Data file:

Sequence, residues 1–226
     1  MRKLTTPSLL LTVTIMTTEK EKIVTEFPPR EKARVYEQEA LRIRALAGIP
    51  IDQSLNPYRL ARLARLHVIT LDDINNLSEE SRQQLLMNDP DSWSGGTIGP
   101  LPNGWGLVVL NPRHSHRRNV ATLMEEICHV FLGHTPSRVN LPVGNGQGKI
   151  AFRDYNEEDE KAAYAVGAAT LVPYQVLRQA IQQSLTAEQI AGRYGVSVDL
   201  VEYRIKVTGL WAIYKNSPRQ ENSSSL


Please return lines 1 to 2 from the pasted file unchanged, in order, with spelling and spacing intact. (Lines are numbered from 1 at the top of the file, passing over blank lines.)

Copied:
Sequence, residues 1–226
     1  MRKLTTPSLL LTVTIMTTEK EKIVTEFPPR EKARVYEQEA LRIRALAGIP